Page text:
With Bandersnatch, Split, Daniel Isn’t Real, Swallow, or any other therapist thriller, one thing is clear: whatever the exact nature of the therapist’s fuck-up, the point is always a send-up of character discourse and a jab at the industrial discourse to “make it complex.” Their emergence make every sense, given the state of play in the current media climate. Rooted in literary criticism but much more influential and endemic, the theoretico-industrial valorization of rounded and complex characters constrains film production from within. Yet it has not kept pace with industrial change or the mushrooming of ever-newer, and ever-trimmer, forms of cinematic production. Vines ran a maximum of six seconds. TikTok went from 15 seconds to the oceanic 60. Instagram Video maxes at 15 seconds; IGTV at an interminable hour. Quibi, had it succeeded, would have delivered visual narratives at no more than 10 minutes. It would be naïve to assume that this radical brevity has left untouched the aesthetic, narrative, and formal expectations for traditional visual media, or that the hectic wash of visual stimuli in a post-cinematic world changes nothing in cinema itself.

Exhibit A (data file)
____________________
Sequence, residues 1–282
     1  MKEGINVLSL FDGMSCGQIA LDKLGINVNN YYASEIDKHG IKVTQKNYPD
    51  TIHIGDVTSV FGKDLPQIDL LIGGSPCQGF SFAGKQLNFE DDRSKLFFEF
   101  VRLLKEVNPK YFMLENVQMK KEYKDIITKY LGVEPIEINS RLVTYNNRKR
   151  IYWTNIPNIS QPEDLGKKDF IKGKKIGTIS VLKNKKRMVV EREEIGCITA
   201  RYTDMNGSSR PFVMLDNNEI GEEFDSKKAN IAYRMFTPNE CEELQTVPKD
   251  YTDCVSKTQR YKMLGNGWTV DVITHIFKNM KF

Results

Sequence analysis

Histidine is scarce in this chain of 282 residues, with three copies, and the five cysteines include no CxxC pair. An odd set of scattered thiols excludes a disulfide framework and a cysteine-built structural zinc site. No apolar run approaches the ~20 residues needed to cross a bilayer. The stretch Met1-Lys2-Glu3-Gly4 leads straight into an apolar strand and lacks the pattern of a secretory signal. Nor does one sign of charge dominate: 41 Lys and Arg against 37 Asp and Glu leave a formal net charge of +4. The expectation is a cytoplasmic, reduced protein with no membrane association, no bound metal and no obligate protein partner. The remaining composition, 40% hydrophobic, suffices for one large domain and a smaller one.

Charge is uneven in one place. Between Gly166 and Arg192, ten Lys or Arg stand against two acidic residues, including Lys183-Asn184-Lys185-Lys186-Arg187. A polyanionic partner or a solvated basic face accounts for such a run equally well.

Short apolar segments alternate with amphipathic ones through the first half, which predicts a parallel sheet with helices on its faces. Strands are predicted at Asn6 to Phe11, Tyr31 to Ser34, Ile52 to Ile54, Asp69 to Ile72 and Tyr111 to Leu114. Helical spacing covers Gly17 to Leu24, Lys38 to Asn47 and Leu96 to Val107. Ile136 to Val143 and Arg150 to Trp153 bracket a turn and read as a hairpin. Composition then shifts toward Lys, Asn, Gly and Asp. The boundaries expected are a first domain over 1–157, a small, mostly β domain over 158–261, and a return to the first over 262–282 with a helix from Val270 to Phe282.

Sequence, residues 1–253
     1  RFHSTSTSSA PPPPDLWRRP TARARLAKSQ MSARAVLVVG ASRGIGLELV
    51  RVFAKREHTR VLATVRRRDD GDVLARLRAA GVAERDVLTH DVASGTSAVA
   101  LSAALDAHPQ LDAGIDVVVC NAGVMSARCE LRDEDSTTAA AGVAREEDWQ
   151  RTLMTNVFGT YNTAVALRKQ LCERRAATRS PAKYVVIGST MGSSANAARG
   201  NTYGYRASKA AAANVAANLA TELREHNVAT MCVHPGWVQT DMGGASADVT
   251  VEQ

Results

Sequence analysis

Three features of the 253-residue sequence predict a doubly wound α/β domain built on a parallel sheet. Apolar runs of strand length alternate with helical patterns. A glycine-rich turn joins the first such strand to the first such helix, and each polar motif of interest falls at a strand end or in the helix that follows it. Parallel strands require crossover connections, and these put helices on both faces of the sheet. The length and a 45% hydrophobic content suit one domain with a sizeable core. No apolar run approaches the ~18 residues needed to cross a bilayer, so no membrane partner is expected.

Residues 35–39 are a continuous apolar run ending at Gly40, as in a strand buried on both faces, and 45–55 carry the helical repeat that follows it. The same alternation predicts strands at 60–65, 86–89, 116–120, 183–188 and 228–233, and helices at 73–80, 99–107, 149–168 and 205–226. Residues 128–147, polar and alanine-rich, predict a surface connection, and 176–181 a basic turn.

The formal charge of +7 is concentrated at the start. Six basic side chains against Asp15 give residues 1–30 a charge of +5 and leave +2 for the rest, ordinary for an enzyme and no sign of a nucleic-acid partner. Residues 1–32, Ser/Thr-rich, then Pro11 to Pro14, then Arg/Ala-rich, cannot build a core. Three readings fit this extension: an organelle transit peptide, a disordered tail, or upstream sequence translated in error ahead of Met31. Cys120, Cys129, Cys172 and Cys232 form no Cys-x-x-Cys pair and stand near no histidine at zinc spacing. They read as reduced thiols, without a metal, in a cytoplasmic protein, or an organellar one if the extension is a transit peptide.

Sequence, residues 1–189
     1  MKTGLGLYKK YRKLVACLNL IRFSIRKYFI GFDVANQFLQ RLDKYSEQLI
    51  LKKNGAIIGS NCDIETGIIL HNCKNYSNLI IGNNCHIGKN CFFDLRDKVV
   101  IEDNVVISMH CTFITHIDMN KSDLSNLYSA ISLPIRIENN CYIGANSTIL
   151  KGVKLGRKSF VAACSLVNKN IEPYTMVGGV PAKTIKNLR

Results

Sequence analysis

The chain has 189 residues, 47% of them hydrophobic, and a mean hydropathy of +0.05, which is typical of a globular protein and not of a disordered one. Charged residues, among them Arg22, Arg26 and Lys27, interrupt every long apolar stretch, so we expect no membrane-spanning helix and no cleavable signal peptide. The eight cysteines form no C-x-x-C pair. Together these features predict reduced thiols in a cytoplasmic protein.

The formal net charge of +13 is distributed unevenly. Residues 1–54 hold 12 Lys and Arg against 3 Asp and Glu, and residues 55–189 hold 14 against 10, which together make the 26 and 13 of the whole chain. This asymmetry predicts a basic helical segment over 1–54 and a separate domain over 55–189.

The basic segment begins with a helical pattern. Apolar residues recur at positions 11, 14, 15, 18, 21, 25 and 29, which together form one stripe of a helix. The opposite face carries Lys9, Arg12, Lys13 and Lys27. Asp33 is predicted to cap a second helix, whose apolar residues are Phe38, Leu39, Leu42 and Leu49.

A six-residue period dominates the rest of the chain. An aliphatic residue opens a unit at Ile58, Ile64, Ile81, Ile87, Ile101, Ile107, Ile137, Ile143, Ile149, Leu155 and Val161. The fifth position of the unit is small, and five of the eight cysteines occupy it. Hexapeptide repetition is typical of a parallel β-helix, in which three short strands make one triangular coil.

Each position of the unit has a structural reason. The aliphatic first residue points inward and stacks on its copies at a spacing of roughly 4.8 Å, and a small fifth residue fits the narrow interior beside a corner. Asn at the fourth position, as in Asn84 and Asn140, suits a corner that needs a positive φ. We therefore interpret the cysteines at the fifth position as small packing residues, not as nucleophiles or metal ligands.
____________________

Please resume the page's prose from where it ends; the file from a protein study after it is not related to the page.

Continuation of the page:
The foolish, intelligent, incompetent, overly competent, immoral, spying therapists of therapist thrillers are a reaction to and rejection of Hollywood’s prevailing, anachronistic, and conservative discourse of character. With therapists as proxies for this discourse, these films enact an internal sabotage, defying an outmoded “Hollywoodian” system from within that system. But this doesn’t yet rise to subversion or transgression, which are more transformative words. Films like Daniel Isn’t Real, Split, and Swallow sit squarely within long-standing and well-understood genre brackets, enacting known narrative structures, plot points, and visual styles. Even Bandersnatch, formally innovative, finally bows to traditional notions of narrative arcs by allowing users to play through all “missed” endings and alternate paths, failing to stick the landing in its attempt at a cinema where choices matter. They might chafe against the narrowness of Hollywood’s discourse of character, but therapist thrillers do not replace it; they describe the system’s shortcomings without performing an alternative. Emergent, scant, and frustrated, these thrillers diagnose the sickness of a discourse like an incompetent therapist, never offering a cure or anything resembling relief.